The 25-year-old, who finished fourth at the World Championships marathon in London last summer, had looked set for gold but he began to sway in distress and fell over on the curb.
He attempted to get back to his feet but lacked the strength to do so and eventually slumped to the ground with medical assistance seemingly taking an age to reach him.
Australian victor Michael Shelley ran past the prone Hawkins just as help arrived.
There was a similarly encouraging message from Hawkins' agency, Moyo Sports, in a tweet which read: "Callum Hawkins is sitting up and talking after having been taken to hospital".
"He is being supported by Team Scotland medical staff and there are no major concerns at this stage".
Team Scotland added that Hawkins will remain in Gold Coast University Hospital overnight as a precaution and will be assessed again in the morning by their medical team.
"I heard he is a bit better so I really hope he's alright".
"Where on earth is the help?"
Seven of the 24 starters failed to complete the race, including Tanzania's Saidi Juma Makula, who collapsed close to the finish line before being helped into an ambulance.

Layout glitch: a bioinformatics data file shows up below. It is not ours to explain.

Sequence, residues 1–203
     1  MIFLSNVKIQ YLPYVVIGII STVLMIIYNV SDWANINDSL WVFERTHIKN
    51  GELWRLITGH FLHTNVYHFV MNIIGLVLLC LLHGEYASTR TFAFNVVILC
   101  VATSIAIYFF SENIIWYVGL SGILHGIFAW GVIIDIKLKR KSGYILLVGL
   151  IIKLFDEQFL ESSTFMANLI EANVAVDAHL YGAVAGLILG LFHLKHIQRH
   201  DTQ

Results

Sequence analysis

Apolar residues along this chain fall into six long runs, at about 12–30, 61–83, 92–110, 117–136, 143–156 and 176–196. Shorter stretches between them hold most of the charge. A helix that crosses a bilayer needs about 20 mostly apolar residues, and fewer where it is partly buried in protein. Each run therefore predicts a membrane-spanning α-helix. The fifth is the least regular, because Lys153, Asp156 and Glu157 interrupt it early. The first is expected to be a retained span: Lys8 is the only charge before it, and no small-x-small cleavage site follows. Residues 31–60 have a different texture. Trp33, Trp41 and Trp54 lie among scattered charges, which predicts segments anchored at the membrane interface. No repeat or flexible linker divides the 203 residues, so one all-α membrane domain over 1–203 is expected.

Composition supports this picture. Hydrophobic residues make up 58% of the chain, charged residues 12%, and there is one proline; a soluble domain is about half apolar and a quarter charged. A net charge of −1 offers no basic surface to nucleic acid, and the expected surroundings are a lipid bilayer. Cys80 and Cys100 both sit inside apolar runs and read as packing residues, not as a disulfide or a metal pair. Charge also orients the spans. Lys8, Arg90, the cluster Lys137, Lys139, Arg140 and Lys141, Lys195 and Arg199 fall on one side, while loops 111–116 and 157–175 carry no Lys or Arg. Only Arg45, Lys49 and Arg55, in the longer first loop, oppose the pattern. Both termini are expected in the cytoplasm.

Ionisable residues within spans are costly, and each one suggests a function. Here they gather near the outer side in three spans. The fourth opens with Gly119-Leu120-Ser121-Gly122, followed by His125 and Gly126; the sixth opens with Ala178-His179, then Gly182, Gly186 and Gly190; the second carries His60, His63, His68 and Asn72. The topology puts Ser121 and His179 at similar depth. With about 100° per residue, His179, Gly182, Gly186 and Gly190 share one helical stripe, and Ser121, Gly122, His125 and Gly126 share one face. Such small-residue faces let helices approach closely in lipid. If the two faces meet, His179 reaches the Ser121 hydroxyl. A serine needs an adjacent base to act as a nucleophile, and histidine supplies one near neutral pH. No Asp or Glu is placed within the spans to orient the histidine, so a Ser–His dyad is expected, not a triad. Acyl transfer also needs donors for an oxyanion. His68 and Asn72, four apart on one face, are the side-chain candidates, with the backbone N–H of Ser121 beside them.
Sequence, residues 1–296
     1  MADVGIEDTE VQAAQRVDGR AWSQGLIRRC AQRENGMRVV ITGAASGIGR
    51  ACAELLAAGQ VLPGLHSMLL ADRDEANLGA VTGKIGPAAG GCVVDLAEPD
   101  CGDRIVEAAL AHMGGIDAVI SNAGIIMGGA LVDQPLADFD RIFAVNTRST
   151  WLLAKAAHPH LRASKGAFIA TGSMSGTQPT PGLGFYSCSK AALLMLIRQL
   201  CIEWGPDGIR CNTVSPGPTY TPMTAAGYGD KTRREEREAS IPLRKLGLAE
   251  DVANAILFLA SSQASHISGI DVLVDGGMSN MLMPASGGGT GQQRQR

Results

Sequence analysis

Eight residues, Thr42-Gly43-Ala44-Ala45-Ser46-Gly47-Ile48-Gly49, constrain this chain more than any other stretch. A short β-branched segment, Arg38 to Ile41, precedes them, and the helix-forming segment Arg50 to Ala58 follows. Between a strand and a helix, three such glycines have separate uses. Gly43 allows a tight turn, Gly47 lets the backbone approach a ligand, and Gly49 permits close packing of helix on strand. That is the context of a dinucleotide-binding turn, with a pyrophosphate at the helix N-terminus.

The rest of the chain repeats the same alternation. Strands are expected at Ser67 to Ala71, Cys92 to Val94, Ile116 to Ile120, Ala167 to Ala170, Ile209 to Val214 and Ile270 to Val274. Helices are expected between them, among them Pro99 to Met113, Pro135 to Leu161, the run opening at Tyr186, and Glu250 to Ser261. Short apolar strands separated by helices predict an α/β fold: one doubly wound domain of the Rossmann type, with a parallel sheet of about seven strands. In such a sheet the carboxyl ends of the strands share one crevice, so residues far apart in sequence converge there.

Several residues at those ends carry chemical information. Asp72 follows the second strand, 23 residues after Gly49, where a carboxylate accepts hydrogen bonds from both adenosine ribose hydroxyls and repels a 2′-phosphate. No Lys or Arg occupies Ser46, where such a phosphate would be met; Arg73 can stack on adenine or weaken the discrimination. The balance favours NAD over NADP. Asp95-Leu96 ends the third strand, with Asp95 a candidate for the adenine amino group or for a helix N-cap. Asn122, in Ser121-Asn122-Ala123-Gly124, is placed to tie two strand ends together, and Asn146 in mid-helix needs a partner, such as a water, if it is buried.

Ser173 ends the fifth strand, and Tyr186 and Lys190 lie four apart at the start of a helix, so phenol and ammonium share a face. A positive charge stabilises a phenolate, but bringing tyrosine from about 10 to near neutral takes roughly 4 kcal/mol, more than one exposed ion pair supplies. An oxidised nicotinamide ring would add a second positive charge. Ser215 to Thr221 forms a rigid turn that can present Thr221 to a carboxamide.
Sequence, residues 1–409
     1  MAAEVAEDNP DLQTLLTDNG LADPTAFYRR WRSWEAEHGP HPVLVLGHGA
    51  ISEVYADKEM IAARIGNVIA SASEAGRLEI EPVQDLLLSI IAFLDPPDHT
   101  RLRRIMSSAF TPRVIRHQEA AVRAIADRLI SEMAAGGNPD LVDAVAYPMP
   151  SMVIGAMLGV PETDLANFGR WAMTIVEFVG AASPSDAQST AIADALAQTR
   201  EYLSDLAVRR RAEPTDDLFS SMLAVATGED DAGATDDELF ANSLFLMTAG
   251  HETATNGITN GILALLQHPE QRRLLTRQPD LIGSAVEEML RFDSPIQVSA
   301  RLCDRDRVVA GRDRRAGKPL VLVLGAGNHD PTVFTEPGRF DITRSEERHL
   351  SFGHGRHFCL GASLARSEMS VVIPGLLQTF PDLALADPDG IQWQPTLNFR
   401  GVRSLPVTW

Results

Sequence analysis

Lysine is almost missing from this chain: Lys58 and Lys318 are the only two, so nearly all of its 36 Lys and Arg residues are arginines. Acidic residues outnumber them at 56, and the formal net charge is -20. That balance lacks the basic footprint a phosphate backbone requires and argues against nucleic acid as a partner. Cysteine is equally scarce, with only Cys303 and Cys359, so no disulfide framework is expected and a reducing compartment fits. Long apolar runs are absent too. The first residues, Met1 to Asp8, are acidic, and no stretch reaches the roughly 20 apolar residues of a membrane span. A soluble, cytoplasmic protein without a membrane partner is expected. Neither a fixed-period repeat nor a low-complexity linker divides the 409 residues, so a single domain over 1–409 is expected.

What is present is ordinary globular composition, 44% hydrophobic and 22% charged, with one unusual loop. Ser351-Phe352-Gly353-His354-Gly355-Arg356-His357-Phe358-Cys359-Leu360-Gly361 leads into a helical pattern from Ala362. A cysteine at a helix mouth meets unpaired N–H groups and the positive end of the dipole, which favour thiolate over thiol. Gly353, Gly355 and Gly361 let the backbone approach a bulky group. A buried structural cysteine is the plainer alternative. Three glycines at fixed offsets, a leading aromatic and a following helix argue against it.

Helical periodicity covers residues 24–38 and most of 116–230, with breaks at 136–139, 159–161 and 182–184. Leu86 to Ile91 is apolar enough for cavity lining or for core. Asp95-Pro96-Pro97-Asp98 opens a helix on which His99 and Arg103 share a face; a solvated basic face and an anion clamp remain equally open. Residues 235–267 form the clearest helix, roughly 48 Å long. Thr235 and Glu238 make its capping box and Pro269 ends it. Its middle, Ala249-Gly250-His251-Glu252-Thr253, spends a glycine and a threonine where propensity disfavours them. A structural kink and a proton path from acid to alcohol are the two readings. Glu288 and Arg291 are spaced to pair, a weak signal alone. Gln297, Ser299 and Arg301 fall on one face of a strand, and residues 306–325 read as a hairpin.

"Sometimes the medical people arrive and the athlete has to make a decision as to whether they go on or not and I understand that was a part of the discussion".
"Congratulations to all the runners who finished and courageous running from Robbie Simpson and Kevin Seaward but big questions for LOC [local organising committee] and medical support".
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"The marathon is brutal and a heartbreaker but there is a lot more to come from this courageous champion".
Viewers watching the race on TV slammed Games organisers for their slow medical response with many horrified that fans took photos of the fallen runner.
"Athletes run in snow, they run in 30-odd degree heat so we don't think that's an issue", he said. "We can't have medical people on every corner of the road", he said.
Mr Peters said there was "no reason" there would be deliberate delays.
GOLDOC later released a statement which confirmed "medical staff were posted at 500m intervals in the final kilometres of the course" and all staff "had radio communications".
"In competition, there are strict rules around accepting medical help and subsequent disqualification", he said. They also said help was provided as soon as Hawkins requested it.
Going into the final quarter of the race Hawkins, who finished fourth in the World Championships past year, was looking set to claim his first major medal.
He had a lead of 41 seconds before his fall, which denied him the chance of victory on the Gold Coast.
Shelley won the race in two hours, 16 minutes and 46 seconds with Uganda's Munyo Solomon Mutai taking silver (2:19:02) and Scotland's Robbie Simpson bronze (2:19:36).
He passed the halfway point in one hour 07:44 minutes and was living up to his pre-race favourite tag before the drama.